More than just your daily bread

At J’lem’s Notre Dame Center, chef Rodrigo Gonzalez-Elias has created a divine experience at La Rotisserie.

By JONATHAN GILAD
December 2, 2011 17:02
3 minute read.
Food at La Rotisserie

La Rotisserie 311. (photo credit: Courtesy)

Chef Rodrigo Gonzalez-Elias is no stranger to religion. The American-born, Spanishraised chef arrived at the Notre Dame of Jerusalem Center in December of 2008 after being selected to oversee a renovation of the La Rotisserie restaurant and the preparation of a completely new menu for the visit of Pope Benedict XVI in March. The pope and his entourage dined at the Pontifical Institute’s restaurant during their stay in the city. Prior to arriving in Jerusalem, Gonzalez- Elias was chef at the Real Café Bernabéu located at one of soccer’s holiest sites, the Santiago Bernabéu Stadium, home of the Real Madrid Stadium.

Gonzalez-Elias laughs when I suggest that he has swapped one temple of faith for another. While he says that he has fallen in love with Jerusalem and its markets, he adds that the religious fervor at the Santiago Bernabéu is more palpable than in the Holy City.



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Wherever the fervor is greater, Gonzalez-Elias clearly has a religious devotion to his cooking, and the outcome is divine.

Born to a Cuban family in Levittown, Pennsylvania, in 1964, he moved to Spain at the age of six. The son of a project manager, Gonzalez-Elias and his family moved numerous times, stationing in Venezuela, Singapore, and India, picking up along the way, alongside Mediterranean and Latin influences, an Asian sensitivity that is clear in the aesthetics and delicate tastes of his cuisine.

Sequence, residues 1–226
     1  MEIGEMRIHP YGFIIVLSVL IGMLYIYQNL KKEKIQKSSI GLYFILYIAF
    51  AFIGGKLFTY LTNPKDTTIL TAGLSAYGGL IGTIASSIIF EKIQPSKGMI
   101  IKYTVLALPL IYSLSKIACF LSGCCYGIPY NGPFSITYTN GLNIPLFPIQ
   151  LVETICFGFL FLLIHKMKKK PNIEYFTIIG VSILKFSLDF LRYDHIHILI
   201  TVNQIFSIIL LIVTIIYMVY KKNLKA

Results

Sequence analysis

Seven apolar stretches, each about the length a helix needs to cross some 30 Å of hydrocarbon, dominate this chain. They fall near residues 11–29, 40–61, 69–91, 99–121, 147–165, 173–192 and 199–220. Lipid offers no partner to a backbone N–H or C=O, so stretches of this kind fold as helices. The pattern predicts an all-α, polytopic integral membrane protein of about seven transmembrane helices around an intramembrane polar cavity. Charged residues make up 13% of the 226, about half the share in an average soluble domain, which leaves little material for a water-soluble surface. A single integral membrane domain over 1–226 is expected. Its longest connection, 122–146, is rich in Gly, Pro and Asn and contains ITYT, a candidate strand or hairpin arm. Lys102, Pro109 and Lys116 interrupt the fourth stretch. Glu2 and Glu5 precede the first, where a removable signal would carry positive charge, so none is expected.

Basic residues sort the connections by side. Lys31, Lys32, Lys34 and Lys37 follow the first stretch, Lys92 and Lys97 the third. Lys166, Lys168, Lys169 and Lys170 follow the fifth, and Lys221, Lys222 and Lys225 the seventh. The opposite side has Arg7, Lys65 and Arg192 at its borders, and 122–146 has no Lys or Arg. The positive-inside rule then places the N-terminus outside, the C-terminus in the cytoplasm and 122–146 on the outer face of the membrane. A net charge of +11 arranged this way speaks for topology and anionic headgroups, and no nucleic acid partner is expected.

His dishes are marked by precision, with top-of-the-range ingredients that are perfectly balanced, allowing each flavor to express itself – perhaps not surprising when it turns out that prior to taking up a culinary career, he was an engineer.

My partner started out with a salmon carpaccio – paper-thin slices of salmon served in a light olive oil sauce garnished with coarsely ground salt and pepper topped with a salad of root vegetables whose earthy taste stood out on its own as a counterpoint to the freshwater kick of the salmon yet created a harmonious whole.

I ordered the smoked salmon and avocado salad with chopped red onion and fresh mint. The smoked salmon and the avocado complemented each other perfectly, with neither flavor dominant and the mint providing refreshing interludes.

For our main course, my partner had filet of grouper served Asian style with shitake mushrooms and noodles in a teriyaki sauce. The grouper was moist, succulent and cooked to perfection. All three items combined beautifully in taste and presentation as did my choice of tuna tataki, a lightly grilled red tuna served with enoki mushrooms and a citric teriyaki sauce.

Both appetizers and main course went well with the summer fruits of an elegant Pelter Chardonnay recommended by our waiter.

For dessert we shared a Moon over the Red Sea – date ice cream served with a sprinkling of granola, honey and tehina.

For Christmas Eve, Gonzalez-Elias will be serving a seven-course menu that features appetizers such as grilled scallops and vegetable mille feuille au gratin; main courses that include halibut wrapped in grape leaves with flaky rolls in a grape and raisin sauce, followed by breast of duck stuffed with prawns and champignon mushrooms in a berry marmalade.

For those who want to welcome in the New Year, Gonzalez-Elias will be preparing an eight-course feast with delicacies such as foie mi cuit and corvine ceviche; and main courses that include baked grouper and clams in green sauce, chicken and shrimps flaky rolls and lamb chops served on a chestnut puree.

The writer was a guest of the restaurant.

La Rotisserie
Not kosher
3 Paratroopers’ Road, Jerusalem
Open daily for dinner from 6:30 p.m. – 11 p.m.
Friday and Saturday open for lunch from 12:30 p.m. – 4 p.m.



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